“I am more proud than ever of our own Unites States. Our designers, especially those whose work is reflected on our screen, are months ahead of those of Paris, and London, and the Europeans very evidently realize it.”
- Clare West, after returning from a research/ fabric purchasing Paris trip for the film “The Ten Commandment”.
On January 30, 1879, in Clinton, Missouri, Clare West, born Clara Belle Smith, was introduced into the world. She was the sixth child of eight children of Abraham Chapman Smith, a Civil War solider, and Jane Smalley. The little girl was raised on a farm in Caldwell.
On August 24, 1898, West married salesman Otis Oscar Hunley. She was 19. In 1902, after settling in Billings, Montana and birthing one son, Maxwell Otis Hunley, the pair divorced. In 1903, West married for a second time to Marshall Elmer Carriere, a musician, in Tulare County, California. They had two sons, Leonard (1907) and Lester (1910). Shortly after relocating from their home in the Midwest to Los Angeles, the two divorced in 1912.
In 1914, West, who was selling her sketch designs to makers of fine clothing, made her acquaintance with director, DW Griffith. Her life would forever be changed. Though some film experts believe she worked on “A Birth of a Nation” (1915), creating the design of the Klu Klux Klan costumes, most sources say it was with the film “Intolerance” (1916), where it all began. West, along with French designer, Paul Iribe, spend two years designing costumes for all cast members, including extras.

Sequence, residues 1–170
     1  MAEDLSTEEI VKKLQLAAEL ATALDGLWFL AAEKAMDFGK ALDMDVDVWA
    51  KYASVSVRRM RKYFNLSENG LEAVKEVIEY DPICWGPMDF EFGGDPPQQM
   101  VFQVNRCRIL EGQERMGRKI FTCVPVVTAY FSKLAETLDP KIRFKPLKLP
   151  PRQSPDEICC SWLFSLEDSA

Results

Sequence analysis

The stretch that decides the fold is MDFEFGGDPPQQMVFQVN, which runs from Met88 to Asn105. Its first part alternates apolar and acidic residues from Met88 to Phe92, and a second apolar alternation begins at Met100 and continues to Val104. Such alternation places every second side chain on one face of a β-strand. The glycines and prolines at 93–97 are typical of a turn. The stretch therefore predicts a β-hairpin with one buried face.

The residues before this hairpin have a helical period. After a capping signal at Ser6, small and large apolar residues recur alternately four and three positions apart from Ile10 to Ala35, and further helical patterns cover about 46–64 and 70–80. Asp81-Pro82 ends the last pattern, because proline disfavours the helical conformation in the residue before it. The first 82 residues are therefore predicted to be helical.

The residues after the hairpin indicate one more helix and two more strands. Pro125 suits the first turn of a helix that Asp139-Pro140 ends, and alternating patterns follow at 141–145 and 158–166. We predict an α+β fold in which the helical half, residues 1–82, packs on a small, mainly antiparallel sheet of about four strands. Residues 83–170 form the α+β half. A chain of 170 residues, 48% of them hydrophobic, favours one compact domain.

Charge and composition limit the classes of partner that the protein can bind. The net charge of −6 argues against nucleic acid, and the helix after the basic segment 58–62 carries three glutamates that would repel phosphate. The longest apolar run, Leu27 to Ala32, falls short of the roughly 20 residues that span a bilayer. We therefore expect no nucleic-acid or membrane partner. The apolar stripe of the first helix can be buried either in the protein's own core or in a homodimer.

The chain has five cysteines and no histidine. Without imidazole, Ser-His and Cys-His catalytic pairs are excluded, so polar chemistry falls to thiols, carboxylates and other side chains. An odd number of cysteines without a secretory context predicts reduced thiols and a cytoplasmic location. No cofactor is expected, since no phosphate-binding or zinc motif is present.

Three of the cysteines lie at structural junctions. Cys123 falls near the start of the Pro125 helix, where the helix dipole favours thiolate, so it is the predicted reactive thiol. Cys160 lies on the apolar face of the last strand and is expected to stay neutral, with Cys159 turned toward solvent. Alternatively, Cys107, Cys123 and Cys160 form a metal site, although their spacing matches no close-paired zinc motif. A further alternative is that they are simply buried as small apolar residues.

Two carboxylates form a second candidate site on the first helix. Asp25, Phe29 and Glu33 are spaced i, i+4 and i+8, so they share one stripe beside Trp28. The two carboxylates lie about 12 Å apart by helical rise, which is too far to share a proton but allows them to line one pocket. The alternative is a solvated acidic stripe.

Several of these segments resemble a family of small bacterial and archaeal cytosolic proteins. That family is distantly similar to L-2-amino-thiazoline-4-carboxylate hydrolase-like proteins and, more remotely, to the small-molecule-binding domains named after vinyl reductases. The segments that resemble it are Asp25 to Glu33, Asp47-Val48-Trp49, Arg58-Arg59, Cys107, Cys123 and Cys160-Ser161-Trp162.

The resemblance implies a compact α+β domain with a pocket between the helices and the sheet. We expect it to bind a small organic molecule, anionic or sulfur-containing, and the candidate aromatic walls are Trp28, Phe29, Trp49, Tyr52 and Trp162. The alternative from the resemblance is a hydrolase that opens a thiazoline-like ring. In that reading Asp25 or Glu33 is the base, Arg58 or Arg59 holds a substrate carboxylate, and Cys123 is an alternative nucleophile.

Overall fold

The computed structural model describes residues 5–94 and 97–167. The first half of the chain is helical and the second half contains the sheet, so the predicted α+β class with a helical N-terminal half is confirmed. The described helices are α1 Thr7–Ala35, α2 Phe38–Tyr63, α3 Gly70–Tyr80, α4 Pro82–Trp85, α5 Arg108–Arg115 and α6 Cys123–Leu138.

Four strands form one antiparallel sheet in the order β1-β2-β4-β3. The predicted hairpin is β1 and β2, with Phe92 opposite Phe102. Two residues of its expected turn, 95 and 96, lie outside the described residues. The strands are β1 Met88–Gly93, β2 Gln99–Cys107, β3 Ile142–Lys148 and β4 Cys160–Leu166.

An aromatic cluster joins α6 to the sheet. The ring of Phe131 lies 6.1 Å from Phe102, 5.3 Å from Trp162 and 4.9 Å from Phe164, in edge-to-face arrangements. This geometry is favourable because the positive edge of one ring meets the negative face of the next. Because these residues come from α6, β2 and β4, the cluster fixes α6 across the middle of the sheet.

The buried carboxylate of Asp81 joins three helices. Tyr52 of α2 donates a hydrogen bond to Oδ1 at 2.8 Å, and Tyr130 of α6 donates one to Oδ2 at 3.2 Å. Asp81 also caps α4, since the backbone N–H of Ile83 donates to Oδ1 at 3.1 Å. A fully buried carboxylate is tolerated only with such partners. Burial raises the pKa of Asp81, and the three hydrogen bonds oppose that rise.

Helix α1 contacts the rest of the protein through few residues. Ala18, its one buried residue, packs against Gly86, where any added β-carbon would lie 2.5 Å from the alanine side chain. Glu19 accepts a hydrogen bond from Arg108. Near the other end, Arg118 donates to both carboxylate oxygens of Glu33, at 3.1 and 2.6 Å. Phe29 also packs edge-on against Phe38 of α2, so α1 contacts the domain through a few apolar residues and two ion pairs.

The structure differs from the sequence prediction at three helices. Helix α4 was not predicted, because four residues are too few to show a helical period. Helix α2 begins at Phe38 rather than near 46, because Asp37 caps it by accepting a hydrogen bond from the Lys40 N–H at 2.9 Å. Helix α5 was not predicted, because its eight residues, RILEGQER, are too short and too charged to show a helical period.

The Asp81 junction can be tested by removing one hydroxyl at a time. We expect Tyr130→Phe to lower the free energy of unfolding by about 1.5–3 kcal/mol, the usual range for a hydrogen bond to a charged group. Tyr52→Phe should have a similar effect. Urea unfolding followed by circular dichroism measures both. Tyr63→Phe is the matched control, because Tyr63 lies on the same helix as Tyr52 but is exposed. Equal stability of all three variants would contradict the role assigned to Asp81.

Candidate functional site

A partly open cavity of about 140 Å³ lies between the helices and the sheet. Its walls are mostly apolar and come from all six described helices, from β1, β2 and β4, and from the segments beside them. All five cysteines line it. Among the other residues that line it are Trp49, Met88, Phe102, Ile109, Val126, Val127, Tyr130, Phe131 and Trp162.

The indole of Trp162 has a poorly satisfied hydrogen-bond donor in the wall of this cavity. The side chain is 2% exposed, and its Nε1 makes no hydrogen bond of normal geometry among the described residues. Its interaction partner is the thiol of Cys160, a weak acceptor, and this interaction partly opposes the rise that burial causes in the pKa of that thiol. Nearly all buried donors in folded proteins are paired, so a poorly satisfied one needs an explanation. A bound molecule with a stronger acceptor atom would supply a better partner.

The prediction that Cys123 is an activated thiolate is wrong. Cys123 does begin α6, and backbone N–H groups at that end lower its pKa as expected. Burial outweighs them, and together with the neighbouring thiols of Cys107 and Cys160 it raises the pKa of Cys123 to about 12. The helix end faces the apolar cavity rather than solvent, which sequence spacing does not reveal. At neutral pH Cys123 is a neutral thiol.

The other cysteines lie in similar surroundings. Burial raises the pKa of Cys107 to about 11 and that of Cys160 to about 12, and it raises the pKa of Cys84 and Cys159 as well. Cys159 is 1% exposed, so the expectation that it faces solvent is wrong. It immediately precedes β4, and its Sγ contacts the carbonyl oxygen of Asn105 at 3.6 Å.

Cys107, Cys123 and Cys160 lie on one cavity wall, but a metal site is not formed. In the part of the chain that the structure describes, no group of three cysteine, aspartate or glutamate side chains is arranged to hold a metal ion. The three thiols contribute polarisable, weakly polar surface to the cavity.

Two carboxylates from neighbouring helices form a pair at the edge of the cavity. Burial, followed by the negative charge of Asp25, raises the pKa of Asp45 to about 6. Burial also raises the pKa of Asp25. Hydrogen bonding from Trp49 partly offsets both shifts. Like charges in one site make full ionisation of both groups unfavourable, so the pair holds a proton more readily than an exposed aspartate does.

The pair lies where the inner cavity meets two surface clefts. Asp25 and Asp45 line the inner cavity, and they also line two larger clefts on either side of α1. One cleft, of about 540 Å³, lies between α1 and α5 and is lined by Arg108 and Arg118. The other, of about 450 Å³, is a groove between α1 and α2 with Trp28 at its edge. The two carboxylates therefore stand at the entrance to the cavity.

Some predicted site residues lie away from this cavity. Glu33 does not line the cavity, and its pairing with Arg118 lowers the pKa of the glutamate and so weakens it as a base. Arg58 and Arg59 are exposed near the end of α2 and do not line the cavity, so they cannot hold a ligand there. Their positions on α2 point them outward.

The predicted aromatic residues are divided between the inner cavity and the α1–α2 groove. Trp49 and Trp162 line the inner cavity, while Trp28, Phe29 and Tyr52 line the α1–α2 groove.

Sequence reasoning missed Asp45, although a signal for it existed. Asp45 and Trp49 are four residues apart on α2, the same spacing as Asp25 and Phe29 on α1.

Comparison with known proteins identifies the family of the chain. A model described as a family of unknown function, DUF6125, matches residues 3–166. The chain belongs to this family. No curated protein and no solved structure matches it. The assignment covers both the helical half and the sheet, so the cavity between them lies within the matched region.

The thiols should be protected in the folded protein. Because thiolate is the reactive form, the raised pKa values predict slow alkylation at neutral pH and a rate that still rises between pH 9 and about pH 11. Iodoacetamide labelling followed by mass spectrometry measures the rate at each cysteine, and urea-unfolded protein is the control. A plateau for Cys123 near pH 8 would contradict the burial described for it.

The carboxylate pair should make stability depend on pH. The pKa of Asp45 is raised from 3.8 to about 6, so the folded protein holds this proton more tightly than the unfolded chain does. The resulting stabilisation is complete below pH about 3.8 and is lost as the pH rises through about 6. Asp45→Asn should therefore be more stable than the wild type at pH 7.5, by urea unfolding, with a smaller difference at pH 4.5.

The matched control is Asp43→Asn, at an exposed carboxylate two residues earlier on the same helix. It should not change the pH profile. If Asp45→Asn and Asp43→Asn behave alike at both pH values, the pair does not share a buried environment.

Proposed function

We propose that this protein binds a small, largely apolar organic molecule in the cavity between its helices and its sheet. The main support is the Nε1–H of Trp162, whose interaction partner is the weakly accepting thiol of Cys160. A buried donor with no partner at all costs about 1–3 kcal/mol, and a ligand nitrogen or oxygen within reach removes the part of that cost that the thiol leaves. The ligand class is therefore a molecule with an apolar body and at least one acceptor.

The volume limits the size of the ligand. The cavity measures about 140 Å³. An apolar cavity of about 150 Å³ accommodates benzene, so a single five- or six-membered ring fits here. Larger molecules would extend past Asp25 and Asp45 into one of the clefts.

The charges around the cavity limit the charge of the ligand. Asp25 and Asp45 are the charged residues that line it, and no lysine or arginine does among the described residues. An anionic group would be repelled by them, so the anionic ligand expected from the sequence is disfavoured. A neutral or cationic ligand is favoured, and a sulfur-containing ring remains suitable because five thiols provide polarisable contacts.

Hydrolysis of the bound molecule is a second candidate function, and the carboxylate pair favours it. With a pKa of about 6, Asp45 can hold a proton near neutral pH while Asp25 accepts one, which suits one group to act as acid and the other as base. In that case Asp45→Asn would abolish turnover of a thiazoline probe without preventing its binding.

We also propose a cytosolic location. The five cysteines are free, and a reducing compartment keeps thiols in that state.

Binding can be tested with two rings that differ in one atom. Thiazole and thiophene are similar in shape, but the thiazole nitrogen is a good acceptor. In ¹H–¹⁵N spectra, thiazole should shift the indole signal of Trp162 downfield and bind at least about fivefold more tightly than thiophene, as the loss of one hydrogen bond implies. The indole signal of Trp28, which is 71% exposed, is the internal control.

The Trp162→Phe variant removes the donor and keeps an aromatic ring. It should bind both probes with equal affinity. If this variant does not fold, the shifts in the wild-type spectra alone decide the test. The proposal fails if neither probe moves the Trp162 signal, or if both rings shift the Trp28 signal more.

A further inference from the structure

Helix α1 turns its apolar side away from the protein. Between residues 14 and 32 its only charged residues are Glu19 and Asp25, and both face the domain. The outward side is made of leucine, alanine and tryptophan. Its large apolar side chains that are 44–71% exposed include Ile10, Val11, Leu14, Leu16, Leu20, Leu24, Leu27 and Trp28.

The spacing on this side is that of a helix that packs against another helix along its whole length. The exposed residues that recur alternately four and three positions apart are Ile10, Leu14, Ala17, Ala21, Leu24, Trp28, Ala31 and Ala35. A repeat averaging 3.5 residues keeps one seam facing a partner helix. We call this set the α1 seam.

In 1918, West was hired by Cecil B. DeMille to oversee the costume department for Famous Players Lasky, which would later become Paramount Pictures. He knew the importance of costuming to a film and he saw West’s talent to make the audience “gasp”. The pair would collaborate on at least ten films together, including “The Affair of Anatol” (1921), where West designed the famous “Octopus Gown”, worn by Bebe Daniels, “Adam’s Rib” (1923), where she created twenty-five fur costumes using no stitches and formed jewelry from real bones, claws, and feathers, and “The Ten Commandments” (1923), working feverishly to create over three thousand costumes for the film’s production.
In the midst of her busy and thriving career, West would marry for a third time to Paul P. Perry, a cinematographer. After two years, they were divorced. She never married again. Unfortunately, three years later, West’s film career in Hollywood would come to an end. Her final film with Mr. DeMille would be “The Road to Yesterday” (1925).
Following her time with the director/showman, West became the dress designer for Norma and Constance Talmadge, who she previously worked with on “Intolerance” and for a brief time, she operated her own clothing salon in Los Angeles. By 1930, she was designing for a chain of upscale department stores in Southern California.
On March 13, 1961, Clare West died of a heart attack at the age of 82. She was living in a mobile home community in Ontario, California.
The feature that I’ve chosen to showcase Clare West’s flair for fashion is “Why Change Your Wife?” (1920) - a film directed by Cecil B. DeMille. Though West’s name isn’t listed in the film’s credits, her presence is very much seen throughout the film with long, flowing gowns and beaded headdresses. With the assistance of Mitchell Leisen, who created the swimsuit for the hotel pool outing scene, West transforms Gloria Swanson from a homely housewife to a 1920s style icon. While watching this film, you come to realize why West was the first costume designer to achieve celebrity status.
So, if you’re ready for a well-orchestrated cat fight and a grand fashion affair, fill up your favorite mug, find a comfortable spot on the sofa, and kick up your feet. “Why Change Your Wife?” can be viewed on YouTube for free.